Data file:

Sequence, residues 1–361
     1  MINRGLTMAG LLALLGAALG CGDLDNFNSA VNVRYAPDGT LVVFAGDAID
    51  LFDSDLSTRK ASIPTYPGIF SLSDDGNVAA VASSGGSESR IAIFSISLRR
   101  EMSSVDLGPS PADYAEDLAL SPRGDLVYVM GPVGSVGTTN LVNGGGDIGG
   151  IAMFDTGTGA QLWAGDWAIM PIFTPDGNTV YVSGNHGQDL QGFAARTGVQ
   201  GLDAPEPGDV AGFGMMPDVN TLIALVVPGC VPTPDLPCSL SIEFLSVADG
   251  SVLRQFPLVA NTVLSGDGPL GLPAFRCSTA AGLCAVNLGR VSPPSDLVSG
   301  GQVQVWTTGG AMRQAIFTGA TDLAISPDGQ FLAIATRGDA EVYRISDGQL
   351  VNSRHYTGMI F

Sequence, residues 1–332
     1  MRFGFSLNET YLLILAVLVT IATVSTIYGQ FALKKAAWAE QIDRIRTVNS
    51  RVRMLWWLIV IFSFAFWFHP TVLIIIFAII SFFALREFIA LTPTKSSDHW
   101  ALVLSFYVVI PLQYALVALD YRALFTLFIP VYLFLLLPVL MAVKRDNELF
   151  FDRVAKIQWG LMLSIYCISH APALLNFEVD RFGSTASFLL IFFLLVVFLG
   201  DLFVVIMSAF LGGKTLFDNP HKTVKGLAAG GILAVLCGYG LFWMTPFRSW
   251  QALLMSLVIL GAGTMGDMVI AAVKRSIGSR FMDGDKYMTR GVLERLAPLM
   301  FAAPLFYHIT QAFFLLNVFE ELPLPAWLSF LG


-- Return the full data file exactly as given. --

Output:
Sequence, residues 1–361
     1  MINRGLTMAG LLALLGAALG CGDLDNFNSA VNVRYAPDGT LVVFAGDAID
    51  LFDSDLSTRK ASIPTYPGIF SLSDDGNVAA VASSGGSESR IAIFSISLRR
   101  EMSSVDLGPS PADYAEDLAL SPRGDLVYVM GPVGSVGTTN LVNGGGDIGG
   151  IAMFDTGTGA QLWAGDWAIM PIFTPDGNTV YVSGNHGQDL QGFAARTGVQ
   201  GLDAPEPGDV AGFGMMPDVN TLIALVVPGC VPTPDLPCSL SIEFLSVADG
   251  SVLRQFPLVA NTVLSGDGPL GLPAFRCSTA AGLCAVNLGR VSPPSDLVSG
   301  GQVQVWTTGG AMRQAIFTGA TDLAISPDGQ FLAIATRGDA EVYRISDGQL
   351  VNSRHYTGMI F

Sequence, residues 1–332
     1  MRFGFSLNET YLLILAVLVT IATVSTIYGQ FALKKAAWAE QIDRIRTVNS
    51  RVRMLWWLIV IFSFAFWFHP TVLIIIFAII SFFALREFIA LTPTKSSDHW
   101  ALVLSFYVVI PLQYALVALD YRALFTLFIP VYLFLLLPVL MAVKRDNELF
   151  FDRVAKIQWG LMLSIYCISH APALLNFEVD RFGSTASFLL IFFLLVVFLG
   201  DLFVVIMSAF LGGKTLFDNP HKTVKGLAAG GILAVLCGYG LFWMTPFRSW
   251  QALLMSLVIL GAGTMGDMVI AAVKRSIGSR FMDGDKYMTR GVLERLAPLM
   301  FAAPLFYHIT QAFFLLNVFE ELPLPAWLSF LG